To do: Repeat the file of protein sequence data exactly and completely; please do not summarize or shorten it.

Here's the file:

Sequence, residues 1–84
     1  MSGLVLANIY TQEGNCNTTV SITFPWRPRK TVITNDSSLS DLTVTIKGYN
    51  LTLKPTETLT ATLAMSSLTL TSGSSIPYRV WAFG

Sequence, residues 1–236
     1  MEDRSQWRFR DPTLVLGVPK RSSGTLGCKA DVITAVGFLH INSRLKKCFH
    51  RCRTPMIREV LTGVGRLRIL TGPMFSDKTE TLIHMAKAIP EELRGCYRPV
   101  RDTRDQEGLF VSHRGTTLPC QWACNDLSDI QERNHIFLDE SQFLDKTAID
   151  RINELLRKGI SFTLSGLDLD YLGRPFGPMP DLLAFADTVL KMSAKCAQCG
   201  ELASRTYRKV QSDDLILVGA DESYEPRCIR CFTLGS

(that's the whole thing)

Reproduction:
Sequence, residues 1–84
     1  MSGLVLANIY TQEGNCNTTV SITFPWRPRK TVITNDSSLS DLTVTIKGYN
    51  LTLKPTETLT ATLAMSSLTL TSGSSIPYRV WAFG

Sequence, residues 1–236
     1  MEDRSQWRFR DPTLVLGVPK RSSGTLGCKA DVITAVGFLH INSRLKKCFH
    51  RCRTPMIREV LTGVGRLRIL TGPMFSDKTE TLIHMAKAIP EELRGCYRPV
   101  RDTRDQEGLF VSHRGTTLPC QWACNDLSDI QERNHIFLDE SQFLDKTAID
   151  RINELLRKGI SFTLSGLDLD YLGRPFGPMP DLLAFADTVL KMSAKCAQCG
   201  ELASRTYRKV QSDDLILVGA DESYEPRCIR CFTLGS